The Soka Gakkai is a global community-based Buddhist organization that promotes peace, culture and education centered on respect for the dignity of life. Its members study and put into practice the humanistic philosophy of Nichiren Buddhism.
Individual Soka Gakkai members strive to actualize their inherent potential while contributing to their local communities and responding to the shared issues facing humankind.
The conviction that individual happiness and the realization of peace are inextricably linked is central to the Soka Gakkai, as is a commitment to dialogue and nonviolence.
The basic daily Buddhist practice of Soka Gakkai members, carried out in their own homes, is chanting the phrase “Nam-myoho-renge-kyo” and reciting excerpts of the Lotus Sutra.
Members also gather for regular small-scale local discussion meetings where they study Buddhist principles and their application to everyday life. Participants in these meetings share experiences of applying Buddhist practice to the challenges of life.
The teachings upheld by the Soka Gakkai belong to the tradition of Buddhist humanism that originated with Shakyamuni on the Indian subcontinent. A core value is respect for the dignity of life and all human beings.
After awakening to the true nature of life, Shakyamuni traveled widely, sharing his wisdom with others. The truth to which he was enlightened is expounded in the Lotus Sutra, a central teaching of Mahayana Buddhism, which holds that Buddhahood—characterized by compassion, wisdom and courage—is inherent within every person.
The teachings of the Lotus Sutra were transmitted and developed by Buddhist scholars and teachers in India, China and Japan, most notably Zhiyi (the Great Teacher Tiantai) in China and Nichiren in Japan.
In the 13th century, Nichiren expressed the essence of the Lotus Sutra as “Nam-myoho-renge-kyo.” He taught the practice of chanting this phrase as a means for all people to overcome suffering and lead happy and fulfilled lives.
A grassroots movement with 12 million members in 192 countries and territories worldwide, the Soka Gakkai is dedicated to sharing the empowering message of the Lotus Sutra and Nichiren Buddhism in today’s world.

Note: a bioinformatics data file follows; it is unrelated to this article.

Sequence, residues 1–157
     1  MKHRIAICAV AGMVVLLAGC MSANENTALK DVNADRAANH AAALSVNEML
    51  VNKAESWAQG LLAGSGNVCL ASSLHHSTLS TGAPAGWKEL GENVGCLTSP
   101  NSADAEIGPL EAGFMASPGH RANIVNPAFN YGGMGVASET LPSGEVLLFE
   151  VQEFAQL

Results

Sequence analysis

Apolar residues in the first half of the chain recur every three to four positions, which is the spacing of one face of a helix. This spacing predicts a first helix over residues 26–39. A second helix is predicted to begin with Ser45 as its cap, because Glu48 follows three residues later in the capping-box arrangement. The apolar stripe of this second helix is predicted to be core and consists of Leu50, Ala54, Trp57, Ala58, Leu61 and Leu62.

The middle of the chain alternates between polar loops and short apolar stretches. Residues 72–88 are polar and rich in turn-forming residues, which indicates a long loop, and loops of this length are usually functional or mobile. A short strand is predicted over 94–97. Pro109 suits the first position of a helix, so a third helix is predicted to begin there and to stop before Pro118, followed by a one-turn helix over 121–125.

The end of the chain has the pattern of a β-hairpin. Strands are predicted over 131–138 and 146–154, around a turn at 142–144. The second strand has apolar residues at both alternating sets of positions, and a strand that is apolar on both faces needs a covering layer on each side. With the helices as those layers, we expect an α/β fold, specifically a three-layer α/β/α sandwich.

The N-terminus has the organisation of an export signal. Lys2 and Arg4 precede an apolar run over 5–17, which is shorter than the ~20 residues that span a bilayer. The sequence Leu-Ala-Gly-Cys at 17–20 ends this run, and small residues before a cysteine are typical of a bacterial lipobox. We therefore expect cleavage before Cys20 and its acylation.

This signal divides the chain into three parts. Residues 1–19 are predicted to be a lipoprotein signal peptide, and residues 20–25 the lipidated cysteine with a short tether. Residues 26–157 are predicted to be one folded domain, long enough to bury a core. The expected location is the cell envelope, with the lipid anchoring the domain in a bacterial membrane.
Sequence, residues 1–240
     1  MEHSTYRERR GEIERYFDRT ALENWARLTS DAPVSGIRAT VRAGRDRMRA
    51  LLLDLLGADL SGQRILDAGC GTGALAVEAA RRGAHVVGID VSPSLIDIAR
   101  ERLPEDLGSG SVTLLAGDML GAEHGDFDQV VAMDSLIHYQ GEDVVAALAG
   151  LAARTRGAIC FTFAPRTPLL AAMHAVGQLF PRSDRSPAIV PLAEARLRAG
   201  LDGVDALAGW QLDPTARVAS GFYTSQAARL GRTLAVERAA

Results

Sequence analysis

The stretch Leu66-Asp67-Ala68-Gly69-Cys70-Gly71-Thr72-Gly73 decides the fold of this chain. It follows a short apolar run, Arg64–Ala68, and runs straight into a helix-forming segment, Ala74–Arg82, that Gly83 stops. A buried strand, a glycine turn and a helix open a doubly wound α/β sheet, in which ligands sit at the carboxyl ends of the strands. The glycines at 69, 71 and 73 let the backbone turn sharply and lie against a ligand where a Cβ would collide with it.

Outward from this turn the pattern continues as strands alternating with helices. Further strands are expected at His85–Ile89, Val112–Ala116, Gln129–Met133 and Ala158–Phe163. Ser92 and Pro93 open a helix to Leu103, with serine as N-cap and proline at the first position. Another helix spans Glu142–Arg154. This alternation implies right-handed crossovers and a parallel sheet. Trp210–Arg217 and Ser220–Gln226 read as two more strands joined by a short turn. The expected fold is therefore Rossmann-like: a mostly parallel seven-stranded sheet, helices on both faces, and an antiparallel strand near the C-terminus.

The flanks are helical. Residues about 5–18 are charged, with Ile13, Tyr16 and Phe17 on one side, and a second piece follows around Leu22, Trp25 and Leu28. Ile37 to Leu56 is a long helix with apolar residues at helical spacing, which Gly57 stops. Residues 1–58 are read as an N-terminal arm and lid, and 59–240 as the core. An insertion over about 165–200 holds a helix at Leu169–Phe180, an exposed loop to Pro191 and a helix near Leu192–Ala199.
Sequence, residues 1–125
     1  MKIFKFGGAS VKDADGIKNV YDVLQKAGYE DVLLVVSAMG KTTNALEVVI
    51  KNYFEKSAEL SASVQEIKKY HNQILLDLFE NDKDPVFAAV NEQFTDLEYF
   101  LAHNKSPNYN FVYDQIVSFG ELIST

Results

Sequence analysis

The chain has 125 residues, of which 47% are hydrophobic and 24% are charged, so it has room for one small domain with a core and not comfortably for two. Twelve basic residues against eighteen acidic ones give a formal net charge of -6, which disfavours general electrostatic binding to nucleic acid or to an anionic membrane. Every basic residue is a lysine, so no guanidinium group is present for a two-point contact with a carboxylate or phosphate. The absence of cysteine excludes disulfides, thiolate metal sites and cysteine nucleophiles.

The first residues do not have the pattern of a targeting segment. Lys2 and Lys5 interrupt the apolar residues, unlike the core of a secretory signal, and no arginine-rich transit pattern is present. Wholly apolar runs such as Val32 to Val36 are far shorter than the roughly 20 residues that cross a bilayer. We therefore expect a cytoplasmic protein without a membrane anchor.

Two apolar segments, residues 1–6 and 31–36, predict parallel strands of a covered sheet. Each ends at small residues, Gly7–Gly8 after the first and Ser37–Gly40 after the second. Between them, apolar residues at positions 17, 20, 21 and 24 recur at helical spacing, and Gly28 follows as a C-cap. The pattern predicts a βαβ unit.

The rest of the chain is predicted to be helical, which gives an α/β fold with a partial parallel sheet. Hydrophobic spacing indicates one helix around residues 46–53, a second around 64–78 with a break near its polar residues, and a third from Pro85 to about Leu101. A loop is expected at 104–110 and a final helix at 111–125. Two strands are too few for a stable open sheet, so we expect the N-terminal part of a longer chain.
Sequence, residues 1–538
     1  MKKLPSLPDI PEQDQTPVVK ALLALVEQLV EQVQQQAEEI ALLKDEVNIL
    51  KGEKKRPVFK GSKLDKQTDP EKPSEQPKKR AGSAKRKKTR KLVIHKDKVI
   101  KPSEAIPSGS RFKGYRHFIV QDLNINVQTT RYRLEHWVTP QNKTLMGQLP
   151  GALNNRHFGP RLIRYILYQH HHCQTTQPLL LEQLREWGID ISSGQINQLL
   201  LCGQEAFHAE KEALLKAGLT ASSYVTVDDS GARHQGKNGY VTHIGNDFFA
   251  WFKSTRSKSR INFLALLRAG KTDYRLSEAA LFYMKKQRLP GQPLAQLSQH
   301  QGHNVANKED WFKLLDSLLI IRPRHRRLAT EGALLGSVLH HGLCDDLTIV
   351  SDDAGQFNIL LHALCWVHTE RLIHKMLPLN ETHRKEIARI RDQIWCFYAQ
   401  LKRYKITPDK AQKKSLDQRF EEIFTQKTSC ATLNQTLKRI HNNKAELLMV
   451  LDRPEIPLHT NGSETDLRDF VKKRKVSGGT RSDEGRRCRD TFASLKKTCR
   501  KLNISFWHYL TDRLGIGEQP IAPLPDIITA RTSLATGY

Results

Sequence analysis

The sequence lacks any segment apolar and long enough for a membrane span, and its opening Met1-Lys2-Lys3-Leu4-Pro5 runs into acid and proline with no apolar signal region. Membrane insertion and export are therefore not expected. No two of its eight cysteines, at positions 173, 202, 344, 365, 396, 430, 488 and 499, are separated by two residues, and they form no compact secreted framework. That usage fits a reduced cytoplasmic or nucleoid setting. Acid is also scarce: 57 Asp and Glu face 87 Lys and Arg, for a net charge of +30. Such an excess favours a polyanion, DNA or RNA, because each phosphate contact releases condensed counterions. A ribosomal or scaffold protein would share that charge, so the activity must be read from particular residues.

With Makiguchi as its first president, the organization began as a group of teachers focused on educational reform but later developed into a movement dedicated to the betterment of society through individual inner transformation based on Nichiren Buddhism.
In 1943, Makiguchi and Toda were imprisoned as “thought criminals” for refusing to adhere to the State Shinto religion used by the militarist government to exert ideological control over the population. Makiguchi died in prison, and Toda emerged in 1945 to rebuild the Soka Gakkai, later becoming the second president.
In 1947, amid the chaos of postwar Japan, Daisaku Ikeda encountered Josei Toda, who became his mentor, and joined the Soka Gakkai. In 1960, Ikeda became the third president, marking the beginning of the organization’s growth internationally.
In 1975, the Soka Gakkai International (SGI) was formed as a global association to link independent Soka Gakkai organizations around the world, and Ikeda became its president.
In 1983, the SGI was accredited as a nongovernmental organization with the United Nations Economic and Social Council (ECOSOC). The SGI Charter was adopted in 1995, expressing the association’s commitment to strive for a peaceful world, contributing to peace, culture and education based on respect for the dignity of life.
In 2017, the Soka Gakkai adopted its new Constitution, clarifying the role of the founding presidents, basic aspects of its global administration, its essential doctrinal stance and objectives of promoting Nichiren Buddhism for the sake of peace and human happiness.
The Soka Gakkai and the SGI engage in activities to promote a culture of peace. Each local organization develops activities in line with its unique cultural context.
Awareness-raising activities are carried out to address current global issues in the following five main areas: peace and disarmament; education for sustainable development and climate action; human rights education; humanitarian relief and disaster risk reduction; and gender equality and women’s empowerment. The range of activities includes exhibitions, symposiums, interfaith dialogue, cultural events and support of United Nations initiatives.
Every year since 1983, Daisaku Ikeda has authored peace proposals directed toward the international community that address issues facing humanity, suggesting solutions and responses grounded in Buddhist philosophy.
These proposals give impetus and direction to the organization’s grassroots efforts to tackle global problems and build a lasting culture of peace.
There are Soka Gakkai members in 192 countries and territories, with 90 registered constituent organizations. Each local organization carries out activities in the spirit of respecting cultural diversity while following a common daily Buddhist practice.Read more
The Soka Gakkai upholds a spiritual lineage that originates some 2,500 years ago with Shakyamuni and has been continued by Buddhist teachers in India, China and Japan, reaching its most profound expression in the teachings of Nichiren (1222–82).Read more